Structured Finance. Private Driver GmbH. Auto Loans Germany New Issue. Transaction Summary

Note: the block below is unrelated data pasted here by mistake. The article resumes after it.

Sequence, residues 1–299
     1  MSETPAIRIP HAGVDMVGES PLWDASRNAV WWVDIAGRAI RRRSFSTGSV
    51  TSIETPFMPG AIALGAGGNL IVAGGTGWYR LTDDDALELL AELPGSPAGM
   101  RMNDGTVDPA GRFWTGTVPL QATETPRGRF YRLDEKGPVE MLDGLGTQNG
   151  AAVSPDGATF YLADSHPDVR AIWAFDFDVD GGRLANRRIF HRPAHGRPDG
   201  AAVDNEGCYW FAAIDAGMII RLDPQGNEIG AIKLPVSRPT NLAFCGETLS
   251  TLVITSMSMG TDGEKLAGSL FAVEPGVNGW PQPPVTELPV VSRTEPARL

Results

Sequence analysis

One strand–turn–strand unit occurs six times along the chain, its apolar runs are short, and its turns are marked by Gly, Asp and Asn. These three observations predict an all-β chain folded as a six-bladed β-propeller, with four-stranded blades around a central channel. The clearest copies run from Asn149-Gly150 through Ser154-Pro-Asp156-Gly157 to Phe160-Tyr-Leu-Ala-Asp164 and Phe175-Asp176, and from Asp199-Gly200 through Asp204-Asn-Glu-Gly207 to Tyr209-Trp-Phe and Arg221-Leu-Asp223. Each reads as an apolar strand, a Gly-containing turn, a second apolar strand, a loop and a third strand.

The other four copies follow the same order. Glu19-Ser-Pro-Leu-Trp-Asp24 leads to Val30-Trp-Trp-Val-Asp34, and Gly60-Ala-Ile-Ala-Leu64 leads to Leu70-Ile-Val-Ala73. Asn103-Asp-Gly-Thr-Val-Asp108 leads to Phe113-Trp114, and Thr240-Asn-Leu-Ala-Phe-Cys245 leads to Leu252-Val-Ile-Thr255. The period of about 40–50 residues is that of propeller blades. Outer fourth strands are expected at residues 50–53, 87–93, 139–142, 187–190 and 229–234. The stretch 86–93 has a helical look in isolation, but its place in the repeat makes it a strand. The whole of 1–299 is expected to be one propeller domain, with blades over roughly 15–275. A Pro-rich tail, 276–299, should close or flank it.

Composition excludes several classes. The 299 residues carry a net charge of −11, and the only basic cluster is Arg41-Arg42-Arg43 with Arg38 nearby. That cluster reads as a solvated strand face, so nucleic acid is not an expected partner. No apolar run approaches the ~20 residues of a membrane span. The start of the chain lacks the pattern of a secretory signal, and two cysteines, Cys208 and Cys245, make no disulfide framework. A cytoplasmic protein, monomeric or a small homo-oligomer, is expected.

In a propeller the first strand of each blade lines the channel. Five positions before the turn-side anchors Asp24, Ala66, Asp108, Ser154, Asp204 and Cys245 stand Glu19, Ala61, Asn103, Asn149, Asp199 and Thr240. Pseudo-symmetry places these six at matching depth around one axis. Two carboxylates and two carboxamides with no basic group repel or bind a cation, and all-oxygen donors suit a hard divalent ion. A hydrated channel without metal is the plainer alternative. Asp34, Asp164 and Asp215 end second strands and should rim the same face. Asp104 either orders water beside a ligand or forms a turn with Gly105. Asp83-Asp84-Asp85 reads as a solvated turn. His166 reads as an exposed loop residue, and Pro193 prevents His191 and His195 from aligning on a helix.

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1 Auto Loans Germany New Issue Analysts Uli Maute Tuuli Tikka Surveillance Analyst Uli Maute Related Research Applicable Criteria EMEA Consumer ABS Rating Criteria () EMEA Consumer ABS Rating Criteria Auto Residual Value Addendum () Global Structured Finance Rating Criteria (August 2010) Counterparty Criteria for Structured Finance Transactions (March 2011) Counterparty Criteria for Structured Finance Transactions: Derivative Addendum (March 2011) Criteria for Interest Rate Stresses in Structured Finance Transactions (March 2011) Other Research Tyre Tracks Fitch European Auto ABS Index (May 2011) Contents Transaction Summary... 1 Transaction and Legal Structure... 4 Asset Analysis... 7 Financial Structure and Cash Flow Modelling Counterparty Risk Performance Analytics Appendix A: Transaction Overview Final Ratings Class Amount (EURm) Final Maturity Rating CE (%) Outlook A August 2017 AAAsf 9.20 Stable Schuldschein loan August 2017 AAAsf 9.20 Stable B 23.0 August 2017 A+sf 5.95 Stable Subordinated loan 30.0 August 2017 n.r. n.a. n.a. OC 3.5 n.r. n.a. n.a. Total Cash collateral account 8.5 Source: Fitch Transaction Summary This transaction is a securitisation of auto loan receivables originated by Volkswagen Bank GmbH (VWB, the seller) within Germany. VWB is a wholly-owned subsidiary of Volkswagen Financial Services AG (VWFS), which itself is a whollyowned subsidiary of Volkswagen Group ('A '/Stable/'F2'). The proceeds from the issuance of the class A and B notes, the Schuldschein loan and subordinated loan were used to purchase a portfolio of loans to German borrowers and to fund the cash collateral account (CCA) of EUR8.5m. The transaction is static and will amortise from closing. The final portfolio consists of 56,929 loans, with an outstanding discounted principal balance of EUR706.5m and an average balance of EUR12,411 per loan. Key Rating Drivers Performance of Underlying Receivables: the performance of the notes will be affected in particular by default and recovery levels on the underlying receivables. Fitch Ratings has analysed the credit and asset value risks and formed a loss rate assumption based on historical data provided by VWB. Stress tests on default and recovery rate expectations were used to analyse the effect on the transaction's cash flows. Counterparty Exposure to VWB: the transaction is dependent on VWB's credit and operational capabilities as the originator will act as servicer and no back-up servicer is envisaged at closing. VWB will further collect the monthly loan instalments into its own accounts, which may cause commingling risk. Risks resulting from a potential default of VWB are reduced by a number of mitigating factors, for example an advance mechanism for commingling risk. Stressed Balloon Payments: should the borrower not be able to return the car to the dealer, nor to refinance the balloon portion, the borrower will be obliged to pay this final instalment. If the borrower has previously decided to exercise the return option or to refinance, such borrower is at a higher risk of default. Fitch has considered such higher risk in its analysis. Asset Outlook: Germany's economy has weathered the economic cycle well. Economic growth, initially driven by exports, has been supported by robust consumption fuelled by decreasing unemployment, which is expected to fall further over the next 24 months. 28